Arts Over Borders

IMOGEN STUBBS AND GREEK MUSICIANS

6th Happy Days International Beckett Festival – Enniskillen

3rd Lughnasa FrielFest – Derry & Donegal

2 – 19 August 2018

On Boa Island, a long splinter of land in the Fermanagh lakelands, stands an ancient, weathered two-faced stone figure. It is the so-called Janus statue, reminiscent of the god of past and future, of time itself.  It looks simultaneously south towards the north (Northern Ireland) and north towards the south (the Republic of Ireland).

Such are the political, geographic, economic and cultural complexities of the meandering, semi-invisible border between the two jurisdictions that its role and future status within and outside the European Union are proving a massive stumbling block to the Brexit negotiations.

Arts Over Borders is a pair of festivals located in the borderlands of Fermanagh and Derry/Donegal and dedicated to two great Irish writers, Samuel Beckett and Brian Friel, who have deep personal connections with each respective area.

Events weave in and out and across the border like an intellectually and logistically challenging maze. This curatorial programming approach has been forged by the partnership of Sean Doran and Liam Browne, both Derry-born and bred, who first came together 26 years ago when working on the ground-breaking Impact ’92 festival in their home city.

“The motivation behind our new festival model, the bio-festival, began with the founding of the Beckett Festival in Enniskillen in 2012,” explains Doran.

“It was always as much socio-political as artistic. Our intention was to birth the first international multi-arts festival in Northern Ireland since the founding of the Belfast Festival at Queen’s in 1962 as a bringing together, post-conflict, of different cultures and countries, local communities and international visitors, all in the name of the arts. It parallels the great festivals of Europe – Edinburgh, Salzburg and Avignon – which were inspired post First and Second World Wars”.

The first Lughnasa FrielFest in 2015 was, almost by definition, Ireland’s first cross-border annual arts festival, by virtue of the fact that Brian Friel had lived half his life in Northern Ireland and half in the Republic of Ireland. Early in his writing career he admitted to getting himself regularly “… involved in stupid controversies about the border”.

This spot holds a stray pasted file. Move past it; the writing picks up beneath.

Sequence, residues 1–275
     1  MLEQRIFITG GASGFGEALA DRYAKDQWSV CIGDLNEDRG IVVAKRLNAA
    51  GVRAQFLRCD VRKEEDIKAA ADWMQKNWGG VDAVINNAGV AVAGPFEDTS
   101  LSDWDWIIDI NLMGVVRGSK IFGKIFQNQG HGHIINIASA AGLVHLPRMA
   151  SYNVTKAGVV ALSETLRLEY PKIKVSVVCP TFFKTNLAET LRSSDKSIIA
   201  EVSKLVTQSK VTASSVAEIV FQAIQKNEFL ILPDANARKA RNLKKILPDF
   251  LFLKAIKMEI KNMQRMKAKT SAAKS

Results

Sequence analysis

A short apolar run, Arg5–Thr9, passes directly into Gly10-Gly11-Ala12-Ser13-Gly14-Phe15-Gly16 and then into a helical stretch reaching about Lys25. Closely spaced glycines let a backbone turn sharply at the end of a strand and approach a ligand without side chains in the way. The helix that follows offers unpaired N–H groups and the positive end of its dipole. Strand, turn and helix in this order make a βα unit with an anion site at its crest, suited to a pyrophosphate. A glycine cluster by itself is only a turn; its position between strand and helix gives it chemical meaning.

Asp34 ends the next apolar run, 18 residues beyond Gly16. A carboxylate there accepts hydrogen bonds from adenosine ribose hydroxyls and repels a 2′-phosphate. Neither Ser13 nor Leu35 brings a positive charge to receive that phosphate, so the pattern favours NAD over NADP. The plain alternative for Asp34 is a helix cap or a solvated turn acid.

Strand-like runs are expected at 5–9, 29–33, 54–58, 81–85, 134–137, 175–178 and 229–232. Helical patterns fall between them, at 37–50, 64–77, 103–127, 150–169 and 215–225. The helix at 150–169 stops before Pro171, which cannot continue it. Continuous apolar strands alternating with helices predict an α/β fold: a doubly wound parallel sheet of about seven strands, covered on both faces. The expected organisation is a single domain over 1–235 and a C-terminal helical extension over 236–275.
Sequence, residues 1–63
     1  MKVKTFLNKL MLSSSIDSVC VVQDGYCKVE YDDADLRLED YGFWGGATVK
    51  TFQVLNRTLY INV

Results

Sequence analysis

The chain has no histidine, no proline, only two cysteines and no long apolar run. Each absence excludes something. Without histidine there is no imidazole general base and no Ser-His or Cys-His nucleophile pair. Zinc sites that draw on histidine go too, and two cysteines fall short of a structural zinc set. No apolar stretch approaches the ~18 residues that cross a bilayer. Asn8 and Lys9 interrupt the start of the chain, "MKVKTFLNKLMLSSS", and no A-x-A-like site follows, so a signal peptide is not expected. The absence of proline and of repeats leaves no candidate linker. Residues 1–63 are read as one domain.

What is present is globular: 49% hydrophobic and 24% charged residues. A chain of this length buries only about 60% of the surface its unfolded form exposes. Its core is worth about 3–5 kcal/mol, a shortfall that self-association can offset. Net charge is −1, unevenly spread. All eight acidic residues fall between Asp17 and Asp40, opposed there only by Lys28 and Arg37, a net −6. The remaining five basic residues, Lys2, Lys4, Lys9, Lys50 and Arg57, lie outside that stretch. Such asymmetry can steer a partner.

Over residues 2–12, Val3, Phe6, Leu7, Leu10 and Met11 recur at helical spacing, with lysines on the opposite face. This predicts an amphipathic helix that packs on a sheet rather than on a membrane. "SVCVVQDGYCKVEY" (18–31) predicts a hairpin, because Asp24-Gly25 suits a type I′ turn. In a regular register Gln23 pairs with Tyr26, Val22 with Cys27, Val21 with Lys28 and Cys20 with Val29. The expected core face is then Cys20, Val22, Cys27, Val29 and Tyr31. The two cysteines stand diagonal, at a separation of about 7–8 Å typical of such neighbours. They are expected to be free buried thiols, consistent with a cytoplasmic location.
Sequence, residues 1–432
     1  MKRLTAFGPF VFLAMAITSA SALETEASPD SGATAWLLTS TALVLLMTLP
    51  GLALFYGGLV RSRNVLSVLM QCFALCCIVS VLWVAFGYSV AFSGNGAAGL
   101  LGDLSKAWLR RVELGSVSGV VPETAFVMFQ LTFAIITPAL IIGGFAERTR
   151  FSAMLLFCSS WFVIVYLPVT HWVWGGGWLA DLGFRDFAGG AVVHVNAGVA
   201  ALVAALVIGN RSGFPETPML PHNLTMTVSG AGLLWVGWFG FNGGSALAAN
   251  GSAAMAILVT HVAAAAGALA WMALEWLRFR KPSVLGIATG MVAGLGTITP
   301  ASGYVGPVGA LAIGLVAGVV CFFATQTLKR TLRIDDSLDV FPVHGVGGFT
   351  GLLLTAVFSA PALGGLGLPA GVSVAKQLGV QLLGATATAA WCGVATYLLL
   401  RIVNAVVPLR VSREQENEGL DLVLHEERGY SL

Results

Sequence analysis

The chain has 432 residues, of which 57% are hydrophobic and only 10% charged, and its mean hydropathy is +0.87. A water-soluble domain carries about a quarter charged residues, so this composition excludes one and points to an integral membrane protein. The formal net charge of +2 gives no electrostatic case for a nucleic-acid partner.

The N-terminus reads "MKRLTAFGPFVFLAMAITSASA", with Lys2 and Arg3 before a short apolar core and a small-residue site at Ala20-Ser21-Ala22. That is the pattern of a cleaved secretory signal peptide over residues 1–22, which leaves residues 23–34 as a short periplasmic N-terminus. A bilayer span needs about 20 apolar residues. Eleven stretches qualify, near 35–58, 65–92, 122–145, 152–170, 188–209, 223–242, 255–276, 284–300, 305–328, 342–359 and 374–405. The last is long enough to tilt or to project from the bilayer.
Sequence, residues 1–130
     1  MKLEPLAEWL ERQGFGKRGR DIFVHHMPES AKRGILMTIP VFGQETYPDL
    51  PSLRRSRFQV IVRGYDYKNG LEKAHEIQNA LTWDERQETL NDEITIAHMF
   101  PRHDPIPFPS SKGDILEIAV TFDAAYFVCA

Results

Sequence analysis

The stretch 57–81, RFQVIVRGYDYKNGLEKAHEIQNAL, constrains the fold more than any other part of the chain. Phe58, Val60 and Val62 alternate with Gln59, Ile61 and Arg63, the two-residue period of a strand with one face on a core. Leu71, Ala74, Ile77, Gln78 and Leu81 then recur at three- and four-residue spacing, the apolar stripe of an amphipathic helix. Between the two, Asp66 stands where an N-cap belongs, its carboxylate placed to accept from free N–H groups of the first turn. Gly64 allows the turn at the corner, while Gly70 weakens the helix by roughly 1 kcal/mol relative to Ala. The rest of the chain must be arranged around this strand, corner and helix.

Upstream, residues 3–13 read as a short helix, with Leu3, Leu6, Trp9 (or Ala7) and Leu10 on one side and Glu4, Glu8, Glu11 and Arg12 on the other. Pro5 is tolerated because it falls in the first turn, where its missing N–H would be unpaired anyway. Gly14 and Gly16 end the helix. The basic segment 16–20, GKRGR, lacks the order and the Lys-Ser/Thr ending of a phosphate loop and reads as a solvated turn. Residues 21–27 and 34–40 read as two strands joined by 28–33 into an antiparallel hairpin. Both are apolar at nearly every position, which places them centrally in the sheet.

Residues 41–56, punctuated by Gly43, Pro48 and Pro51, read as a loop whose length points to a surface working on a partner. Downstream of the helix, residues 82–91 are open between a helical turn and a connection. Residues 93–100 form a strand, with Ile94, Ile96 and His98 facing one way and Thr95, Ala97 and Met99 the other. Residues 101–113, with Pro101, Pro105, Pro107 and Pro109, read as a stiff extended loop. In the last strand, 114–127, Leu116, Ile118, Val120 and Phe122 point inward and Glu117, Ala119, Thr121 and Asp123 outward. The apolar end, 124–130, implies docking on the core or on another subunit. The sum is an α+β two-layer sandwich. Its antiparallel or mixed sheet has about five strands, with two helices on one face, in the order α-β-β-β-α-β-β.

Trojan horse in Derry

With Brexit looming, Doran and Browne decided to take the cross-border notion a step further and intertwine the two festivals across seven counties – three in the Republic of Ireland and four in Northern Ireland – taking audiences back and forth across the border for different events.

Some site-specific projects staged right on the border are directly inspired by the Brexit crisis. Purgatorio: Walking for Waiting for Godot comprises performed readings by a set of Northern actors one weekend and a troupe from Dublin the next weekend. They gather around Antony Gormley’s Tree for Waiting for Godot up on the mountain bog of the UNESCO Global Geopark, the world’s first transational geopark shared by Counties Cavan and Fermanagh.  Audience members play their part in the event, walking across several kilometers of rough ground to the performance space where Estragon and Vladimir, Pozzo and Lucky are waiting.

WALKING FOR WAITING FOR GODOT AT ANTONY GORMLEY'S WAITING FOR GODOT TREE

“We now feel we truly inhabit this liminal borderland space, which provides an exciting source for our curatorial imagination,” says Browne.

“Audiences reacted to this style of presentation in a way they never had previously.  The scenography and moment combined to create truly memorable site-specific artistic interventions, enough to encourage us to have this (Godot) event as an annually recurring attraction going forward”.

The Happy Days Enniskillen International Beckett Festival similarly utilises the concept of border as an avenue along which Beckett’s work emerges, in many and varied forms and locations.